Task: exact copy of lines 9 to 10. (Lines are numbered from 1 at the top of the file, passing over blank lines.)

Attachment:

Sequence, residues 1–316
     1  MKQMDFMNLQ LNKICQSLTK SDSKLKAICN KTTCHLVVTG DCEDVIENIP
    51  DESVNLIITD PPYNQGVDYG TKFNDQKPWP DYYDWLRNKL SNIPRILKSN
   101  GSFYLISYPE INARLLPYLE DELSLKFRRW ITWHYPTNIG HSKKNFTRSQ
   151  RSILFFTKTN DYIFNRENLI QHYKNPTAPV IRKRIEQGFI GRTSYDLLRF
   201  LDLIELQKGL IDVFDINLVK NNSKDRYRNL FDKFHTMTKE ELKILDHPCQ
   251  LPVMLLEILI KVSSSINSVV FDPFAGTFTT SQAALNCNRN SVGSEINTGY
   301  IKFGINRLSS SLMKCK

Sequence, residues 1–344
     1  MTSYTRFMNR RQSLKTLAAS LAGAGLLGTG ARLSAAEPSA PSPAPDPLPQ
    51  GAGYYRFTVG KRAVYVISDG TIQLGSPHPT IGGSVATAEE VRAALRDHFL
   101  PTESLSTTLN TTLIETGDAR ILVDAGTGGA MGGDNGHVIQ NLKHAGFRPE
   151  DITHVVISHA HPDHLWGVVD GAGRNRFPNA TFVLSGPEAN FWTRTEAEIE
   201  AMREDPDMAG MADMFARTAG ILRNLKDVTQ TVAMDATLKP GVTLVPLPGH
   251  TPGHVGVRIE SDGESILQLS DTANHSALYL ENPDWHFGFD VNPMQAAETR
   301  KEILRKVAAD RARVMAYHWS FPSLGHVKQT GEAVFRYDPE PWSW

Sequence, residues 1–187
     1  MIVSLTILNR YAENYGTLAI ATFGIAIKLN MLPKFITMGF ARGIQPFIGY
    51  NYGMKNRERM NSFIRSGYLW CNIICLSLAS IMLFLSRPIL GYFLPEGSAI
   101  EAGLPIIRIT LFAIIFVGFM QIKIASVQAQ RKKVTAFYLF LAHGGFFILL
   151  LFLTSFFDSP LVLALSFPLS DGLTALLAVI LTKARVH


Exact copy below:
Sequence, residues 1–344
     1  MTSYTRFMNR RQSLKTLAAS LAGAGLLGTG ARLSAAEPSA PSPAPDPLPQ